Smarter JSON Configs in Go

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Introduction

Go’s standard library support for JSON is an expedient method of implementing configuration files. An application can define a configuration struct type containing all the tunable elements, and load JSON from a file into an instance of this struct, for example:

type Config struct {
	ServerUrl   string
	APIKey	    string
	MaxSessions int
}

func readConfig(filename string) (*Config, error) {
	// initialize conf with default values.
	conf := &Config{Url: "http://localhost:8080/", MaxSessions: 10}

	b, err := ioutil.ReadFile("./conf.json")
	if err != nil {
		return nil, err
	}
	if err = json.Unmarshal(b, conf); err != nil {
		return nil, err
	}
	return conf, nil
}

This is already an improvement over loading JSON into an untyped dictionary structure, as would happen in Javascript or Python, in that json.Unmarshal provides some minimal validation. If configured with:

	{ "MaxSessions": "quite a few" }

json.Unmarshal will return a error indicating that "quite a few" is not a valid integer, and the program can handle this error at startup rather than later in the runtime.

Customizing

The Go JSON library supports Unmarshaling into custom types through an interface type json.Unmarshaler:

type Unmarshaler interface {
	UnmarshalJSON([]byte) error
}

If our config struct contains a field of a type satisfying json.Unmarshaler, that field’s UnmarshalJSON method will be called to fill in the field. This has a number of uses which can make config handling more pleasant.

Loading Values From Elsewhere

One issue with the above example is the API key in the config. Configs get copied and pasted and checked in to version control, and over time this runs the risk of leaking API keys. A simple solution is to have the API key stored in a separate file, and read it in, and store this filename in the config instead:

	type Config struct {
		...
		APIKeyFile	string
	}

but this requires a separate step to load the API key from the file and store it elsewhere. If you have multiple config values needing the same handling, this gets repetitive. A custom Unmarshaler streamlines this process dramatically.

	type FileString string

	func (f *FileString) UnmarshalJSON(b []byte) error {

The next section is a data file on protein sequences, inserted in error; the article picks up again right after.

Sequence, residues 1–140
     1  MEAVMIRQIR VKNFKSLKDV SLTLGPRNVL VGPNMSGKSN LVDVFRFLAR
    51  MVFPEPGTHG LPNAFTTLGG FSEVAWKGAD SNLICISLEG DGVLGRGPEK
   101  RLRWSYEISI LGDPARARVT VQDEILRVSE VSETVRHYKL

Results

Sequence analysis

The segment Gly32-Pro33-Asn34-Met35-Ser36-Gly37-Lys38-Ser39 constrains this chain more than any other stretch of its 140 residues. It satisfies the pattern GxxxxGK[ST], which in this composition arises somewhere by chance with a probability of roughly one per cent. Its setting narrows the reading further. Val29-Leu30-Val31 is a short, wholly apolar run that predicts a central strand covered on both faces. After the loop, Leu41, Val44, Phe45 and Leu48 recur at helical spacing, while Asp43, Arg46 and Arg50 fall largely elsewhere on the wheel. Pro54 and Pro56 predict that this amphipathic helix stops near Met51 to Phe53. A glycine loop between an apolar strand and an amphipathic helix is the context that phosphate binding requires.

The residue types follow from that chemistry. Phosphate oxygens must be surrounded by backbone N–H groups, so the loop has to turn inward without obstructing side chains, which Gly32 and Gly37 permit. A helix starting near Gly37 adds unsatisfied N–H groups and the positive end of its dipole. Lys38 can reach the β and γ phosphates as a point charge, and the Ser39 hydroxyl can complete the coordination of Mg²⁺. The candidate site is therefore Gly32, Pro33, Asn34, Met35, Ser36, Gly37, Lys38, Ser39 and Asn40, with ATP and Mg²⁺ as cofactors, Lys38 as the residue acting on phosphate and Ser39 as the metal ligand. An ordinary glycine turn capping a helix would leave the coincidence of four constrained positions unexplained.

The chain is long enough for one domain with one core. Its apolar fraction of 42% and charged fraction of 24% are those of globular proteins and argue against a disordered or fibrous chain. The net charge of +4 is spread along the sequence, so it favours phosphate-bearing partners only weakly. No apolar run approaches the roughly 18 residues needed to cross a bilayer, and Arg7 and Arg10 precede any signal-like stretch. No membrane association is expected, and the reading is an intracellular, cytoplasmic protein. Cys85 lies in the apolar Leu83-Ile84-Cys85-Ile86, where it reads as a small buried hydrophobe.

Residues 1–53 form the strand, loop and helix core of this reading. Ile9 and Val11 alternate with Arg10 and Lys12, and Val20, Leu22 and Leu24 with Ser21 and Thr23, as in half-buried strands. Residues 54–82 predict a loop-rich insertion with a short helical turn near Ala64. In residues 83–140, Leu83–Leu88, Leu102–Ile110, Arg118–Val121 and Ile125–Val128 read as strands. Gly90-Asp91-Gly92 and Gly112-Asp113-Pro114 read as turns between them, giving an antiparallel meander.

var s string		
		err := json.Unmarshal(b, &s)
		if err != nil {
			return err
		}
		f, err := ioutil.ReadFile(s)
		if err != nil {
			return err
		}
		val := strings.TrimSpace(string(f))
		*f = FileString(val)
		return nil
	}

	type Config struct {
		// ...
		APIKey FileString
		// ...
	}

Now, the Config APIKey field is a string read from the file named in the config.

Validation and Parsing

The above example adds some extra error conditions to loading the config, namely returning appropriate errors if the API key file does not exist or can’t be read. We can take this effect a step further and validate that the ServerUrl parameter contains a valid URL using the net/url library.

	type Url string

	func (u *Url) UnmarshalJSON(b []byte) error {
		var s string
		err := json.Unmarshal(b, &s)
		if err != nil {
			return err
		}
		*u = Url(s)
		_, err = url.Parse(s)
		return err
	}

	type Config struct {
		ServerUrl  Url
		// ...
	}

With this, if the user supplies an invalid URL string for the URL parameter, it will be flagged as an error. The ServerURL field will always be populated with a valid URL string

Note that we are calling the parser above, but throwing away its results. Those results are useful, we should keep them around!

	type Url struct { *net.URL }

	func (u *Url) UnmarshalJSON(b []byte) error {
		var s string
		err := json.Unmarshal(b, &s)
		if err != nil {
			return err
		}
		u.URL, err = url.Parse(s)
		return err
	}

Now, the ServerURL field is a struct embedding a *net.URL, with all the fields and methods of that type. The string value is available with .ServerUrl.String().

Bringing it all together

The above two techniques can be combined to load more complicated configurations. For example, the crypto/tls library provides a Config structure that many TLS-supporting libraries use. The Config structure contains parsed forms of certificates and CA certificates. With a custom Unmarshaler, we can have the user supply file names for certificates and keys, and load them into a tls.Config:

	type certFiles struct {
		KeyFile, CertFile string
	}

	type tlsConfigFiles struct {
		CertFile   string
		KeyFile    string
		CACertFile FileString
	}

	type TLSConfig struct { *tls.Config }

	func (t *TLSConfig) UnmarshalJSON(b []byte) error {
		var cf tlsConfigFiles
		err := json.Unmarshal(b, &cf)
		if err != nil {
			return err
		}
		pool := x509.NewCertPool()
		if !pool.AppendCertFromPEM([]byte(cf.CACertFile)) {
			return errors.New("invalid CA Cert")
		}
		cert, err := tls.LoadX509KeyPair(cf.CertFile, cf.KeyFile)
		if err != nil {
			return err
		}
		t.Config = &tls.Config{
			RootCAs: pool,
			Certificates: []Certificate{cert},
		}
		return nil
	}

	struct Config {
		//...
		TLS  TLSConfig
	}

With this, any library call needing a tls config can use conf.TLS.Config.

Conclusion

The Unmarshaler interface in the encoding/json Go library is a powerful abstraction. It allows you to intercept the parsing of a loosely-structured JSON object and validate or transform the underlying values into the form the application needs them.

Although this post was JSON-centric, analogous Unmarshaler interfaces appear in the standard XML library and the leading third party YAML libraries so the above techniques would work for XML and YAML configs.

Chris Mikkelson is a Senior Distributed Systems Engineer at Farsight Security, Inc.

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